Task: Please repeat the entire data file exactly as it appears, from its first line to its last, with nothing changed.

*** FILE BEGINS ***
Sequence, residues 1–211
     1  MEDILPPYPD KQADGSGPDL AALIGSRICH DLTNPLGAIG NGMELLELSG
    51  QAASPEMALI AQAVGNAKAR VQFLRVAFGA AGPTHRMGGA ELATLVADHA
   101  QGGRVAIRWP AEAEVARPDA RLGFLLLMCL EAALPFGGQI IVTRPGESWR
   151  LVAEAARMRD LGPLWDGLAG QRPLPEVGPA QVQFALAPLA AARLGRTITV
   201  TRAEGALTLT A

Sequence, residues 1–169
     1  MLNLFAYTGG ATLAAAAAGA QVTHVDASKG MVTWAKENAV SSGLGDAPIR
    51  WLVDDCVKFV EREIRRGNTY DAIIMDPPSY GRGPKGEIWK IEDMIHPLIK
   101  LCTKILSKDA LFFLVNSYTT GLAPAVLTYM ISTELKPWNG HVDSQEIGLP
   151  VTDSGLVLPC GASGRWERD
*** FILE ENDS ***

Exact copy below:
Sequence, residues 1–211
     1  MEDILPPYPD KQADGSGPDL AALIGSRICH DLTNPLGAIG NGMELLELSG
    51  QAASPEMALI AQAVGNAKAR VQFLRVAFGA AGPTHRMGGA ELATLVADHA
   101  QGGRVAIRWP AEAEVARPDA RLGFLLLMCL EAALPFGGQI IVTRPGESWR
   151  LVAEAARMRD LGPLWDGLAG QRPLPEVGPA QVQFALAPLA AARLGRTITV
   201  TRAEGALTLT A

Sequence, residues 1–169
     1  MLNLFAYTGG ATLAAAAAGA QVTHVDASKG MVTWAKENAV SSGLGDAPIR
    51  WLVDDCVKFV EREIRRGNTY DAIIMDPPSY GRGPKGEIWK IEDMIHPLIK
   101  LCTKILSKDA LFFLVNSYTT GLAPAVLTYM ISTELKPWNG HVDSQEIGLP
   151  VTDSGLVLPC GASGRWERD